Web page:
Contradicting US administration, French official says congressional rejection of Iran deal could lead to better deal


According to a report in Bloomberg View on Thursday, a senior diplomatic advisor to French President Francois Hollande told two members of Congress that if Congress rejected the deal, the P5+1 could get a better agreement with Iran. According to Congresswoman Loretta Sanchez (D-CA), the advisor said, “If Congress votes this down… in the end nothing will change and Iran will come back to the table to negotiate again and that would be to our advantage.” Furthermore, according to Sanchez, the French official indicated that if Congress rejected the deal, the Europeans would refrain from doing business with Iran to evade US secondary sanctions. These statements contradict the Obama administration’s claims that if Congress rebuffs the deal, “our friends in this effort will desert us,” sanctions on Iran will collapse, and there will be no alternative to stop Iran other than war.

Security and sanctions experts including Executive Director of the Foundation for Defense of Democracies Mark Dubowitz and former senior director for Middle East affairs at the National Security Council Michael Singh assert that the administration’s binary choice of this deal or war is false. Singh argues that this line of reasoning underestimates our deterrent power and Dubowitz similarly claims that even if Iran ceased to comply with the deal as a result of congressional rejection, it would not trigger an Iranian attempt to break out because Iran would seek to avoid crippling sanctions or a US military strike.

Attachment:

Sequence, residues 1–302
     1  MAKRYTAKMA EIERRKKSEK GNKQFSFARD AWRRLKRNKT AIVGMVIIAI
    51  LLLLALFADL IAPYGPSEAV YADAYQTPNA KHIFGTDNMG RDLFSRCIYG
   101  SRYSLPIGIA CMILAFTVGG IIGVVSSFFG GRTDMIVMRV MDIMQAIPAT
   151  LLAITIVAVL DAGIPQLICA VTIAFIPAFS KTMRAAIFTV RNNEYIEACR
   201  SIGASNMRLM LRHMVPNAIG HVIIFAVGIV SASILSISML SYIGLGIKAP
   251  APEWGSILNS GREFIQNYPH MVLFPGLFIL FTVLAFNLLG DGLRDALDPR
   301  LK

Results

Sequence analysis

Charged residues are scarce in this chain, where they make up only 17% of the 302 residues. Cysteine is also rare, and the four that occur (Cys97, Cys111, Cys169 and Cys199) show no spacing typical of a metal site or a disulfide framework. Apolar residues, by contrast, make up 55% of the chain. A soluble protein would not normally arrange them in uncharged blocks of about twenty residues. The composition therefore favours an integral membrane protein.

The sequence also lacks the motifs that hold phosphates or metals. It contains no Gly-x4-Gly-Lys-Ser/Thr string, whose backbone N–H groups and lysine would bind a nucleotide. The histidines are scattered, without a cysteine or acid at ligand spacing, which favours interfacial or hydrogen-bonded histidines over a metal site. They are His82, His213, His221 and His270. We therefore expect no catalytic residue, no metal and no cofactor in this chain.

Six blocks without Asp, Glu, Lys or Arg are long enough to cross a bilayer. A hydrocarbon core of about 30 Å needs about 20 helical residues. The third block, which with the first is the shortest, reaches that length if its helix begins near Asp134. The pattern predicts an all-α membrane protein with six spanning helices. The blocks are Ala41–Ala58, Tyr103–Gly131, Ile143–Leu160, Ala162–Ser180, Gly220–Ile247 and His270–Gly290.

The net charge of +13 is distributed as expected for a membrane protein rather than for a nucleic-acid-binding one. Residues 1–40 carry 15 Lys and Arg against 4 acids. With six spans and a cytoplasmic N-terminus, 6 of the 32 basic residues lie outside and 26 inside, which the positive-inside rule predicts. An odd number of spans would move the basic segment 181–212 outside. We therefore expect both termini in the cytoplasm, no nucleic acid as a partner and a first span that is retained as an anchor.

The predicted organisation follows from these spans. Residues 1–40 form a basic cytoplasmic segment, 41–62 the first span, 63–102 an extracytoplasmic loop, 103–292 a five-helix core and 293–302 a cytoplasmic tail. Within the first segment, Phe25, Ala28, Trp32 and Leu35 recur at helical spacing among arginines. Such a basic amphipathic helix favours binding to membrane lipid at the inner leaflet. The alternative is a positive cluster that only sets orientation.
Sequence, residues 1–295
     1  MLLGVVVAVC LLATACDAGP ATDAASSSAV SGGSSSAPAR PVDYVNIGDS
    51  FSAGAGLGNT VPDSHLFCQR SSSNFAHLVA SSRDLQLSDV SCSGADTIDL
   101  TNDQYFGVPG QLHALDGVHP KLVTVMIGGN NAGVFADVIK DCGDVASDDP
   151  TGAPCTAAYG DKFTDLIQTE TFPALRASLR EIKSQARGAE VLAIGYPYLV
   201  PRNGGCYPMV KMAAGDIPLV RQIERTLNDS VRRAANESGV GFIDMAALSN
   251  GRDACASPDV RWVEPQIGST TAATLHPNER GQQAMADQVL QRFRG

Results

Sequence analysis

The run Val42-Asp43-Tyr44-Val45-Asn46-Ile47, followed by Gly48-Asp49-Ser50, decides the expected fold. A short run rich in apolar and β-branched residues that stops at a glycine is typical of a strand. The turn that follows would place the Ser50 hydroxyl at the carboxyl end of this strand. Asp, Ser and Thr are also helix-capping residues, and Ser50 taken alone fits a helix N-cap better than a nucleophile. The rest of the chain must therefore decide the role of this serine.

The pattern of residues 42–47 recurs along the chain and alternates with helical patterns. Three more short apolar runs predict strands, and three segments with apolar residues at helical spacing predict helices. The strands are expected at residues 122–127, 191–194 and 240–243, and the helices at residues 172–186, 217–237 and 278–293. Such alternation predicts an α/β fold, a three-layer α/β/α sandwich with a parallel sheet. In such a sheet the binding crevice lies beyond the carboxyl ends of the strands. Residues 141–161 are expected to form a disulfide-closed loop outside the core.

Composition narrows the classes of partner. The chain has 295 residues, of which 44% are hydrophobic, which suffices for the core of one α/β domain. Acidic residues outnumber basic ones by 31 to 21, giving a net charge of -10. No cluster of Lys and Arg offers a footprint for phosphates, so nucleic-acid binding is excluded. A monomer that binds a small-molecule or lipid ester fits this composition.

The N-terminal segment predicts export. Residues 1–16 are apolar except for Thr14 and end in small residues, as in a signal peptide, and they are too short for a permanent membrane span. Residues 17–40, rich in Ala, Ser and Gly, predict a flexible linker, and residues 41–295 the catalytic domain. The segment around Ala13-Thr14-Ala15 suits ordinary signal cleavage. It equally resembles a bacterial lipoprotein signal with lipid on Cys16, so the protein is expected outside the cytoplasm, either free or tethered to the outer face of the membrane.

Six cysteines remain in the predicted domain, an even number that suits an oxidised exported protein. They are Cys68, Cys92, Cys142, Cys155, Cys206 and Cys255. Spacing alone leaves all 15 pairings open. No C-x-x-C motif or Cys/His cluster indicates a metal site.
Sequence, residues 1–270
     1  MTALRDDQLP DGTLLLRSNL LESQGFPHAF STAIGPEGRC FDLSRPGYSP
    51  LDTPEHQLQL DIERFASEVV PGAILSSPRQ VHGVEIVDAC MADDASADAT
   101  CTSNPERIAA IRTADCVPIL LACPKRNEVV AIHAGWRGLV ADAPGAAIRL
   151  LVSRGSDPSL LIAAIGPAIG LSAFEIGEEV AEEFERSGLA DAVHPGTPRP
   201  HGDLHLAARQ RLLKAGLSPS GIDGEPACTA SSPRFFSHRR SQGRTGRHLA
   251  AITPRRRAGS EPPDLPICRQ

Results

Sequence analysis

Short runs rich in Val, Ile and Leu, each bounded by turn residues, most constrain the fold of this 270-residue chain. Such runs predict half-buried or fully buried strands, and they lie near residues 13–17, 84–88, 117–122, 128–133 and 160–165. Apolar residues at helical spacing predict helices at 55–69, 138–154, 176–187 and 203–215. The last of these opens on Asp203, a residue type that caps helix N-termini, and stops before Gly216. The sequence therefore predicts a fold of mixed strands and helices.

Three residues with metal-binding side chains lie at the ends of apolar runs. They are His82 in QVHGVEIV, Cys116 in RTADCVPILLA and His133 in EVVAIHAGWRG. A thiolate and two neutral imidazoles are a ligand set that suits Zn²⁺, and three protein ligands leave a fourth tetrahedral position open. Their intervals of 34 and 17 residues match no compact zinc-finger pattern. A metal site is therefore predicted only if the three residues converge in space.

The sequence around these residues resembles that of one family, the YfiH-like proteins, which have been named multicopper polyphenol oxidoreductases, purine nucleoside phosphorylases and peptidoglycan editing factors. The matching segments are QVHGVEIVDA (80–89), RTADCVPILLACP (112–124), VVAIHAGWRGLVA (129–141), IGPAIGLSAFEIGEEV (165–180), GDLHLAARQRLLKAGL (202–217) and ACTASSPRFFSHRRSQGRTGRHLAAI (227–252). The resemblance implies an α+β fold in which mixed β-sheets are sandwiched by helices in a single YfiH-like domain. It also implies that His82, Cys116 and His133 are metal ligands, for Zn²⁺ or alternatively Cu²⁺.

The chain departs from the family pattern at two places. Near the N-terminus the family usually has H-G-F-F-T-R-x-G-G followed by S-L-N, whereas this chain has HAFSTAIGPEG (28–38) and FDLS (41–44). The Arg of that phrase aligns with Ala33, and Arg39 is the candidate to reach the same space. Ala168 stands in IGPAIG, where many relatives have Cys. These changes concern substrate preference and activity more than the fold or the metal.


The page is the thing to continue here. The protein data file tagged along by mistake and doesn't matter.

Dubowitz argues that Congress should reject this flawed deal in order to push the administration to renegotiate a better one. He says the US could use the power of secondary sanctions to “keep countries and companies from normalizing with Iran” and persuade other countries to join the United States “in demanding that key parts of the agreement be renegotiated on better terms.”  He cites several precedents in which Congress played a leading role in rejecting or modifying important arms control agreements including the Chemical Weapons Test Ban Treaty and SALT II. Singh believes that if the current deal is implemented, the next president will find it problematic because of the expiring restrictions and “will need to rebuild international support for strengthening those constraints with fewer tools at his or her disposal and in a less favorable international context than in the past.” Congressman Brad Sherman (D-CA) has also stated, “We’re going to have to force a re-negotiation of this deal, if not now, then in the years to come.”